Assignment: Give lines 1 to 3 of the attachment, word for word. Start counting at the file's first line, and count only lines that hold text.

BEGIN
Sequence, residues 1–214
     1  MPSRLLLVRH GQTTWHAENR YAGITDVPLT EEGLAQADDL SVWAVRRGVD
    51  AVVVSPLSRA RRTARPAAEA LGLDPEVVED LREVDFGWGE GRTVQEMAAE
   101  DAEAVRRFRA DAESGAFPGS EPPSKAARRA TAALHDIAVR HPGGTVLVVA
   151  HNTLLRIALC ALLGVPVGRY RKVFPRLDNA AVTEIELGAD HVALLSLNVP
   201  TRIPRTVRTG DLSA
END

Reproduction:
Sequence, residues 1–214
     1  MPSRLLLVRH GQTTWHAENR YAGITDVPLT EEGLAQADDL SVWAVRRGVD
    51  AVVVSPLSRA RRTARPAAEA LGLDPEVVED LREVDFGWGE GRTVQEMAAE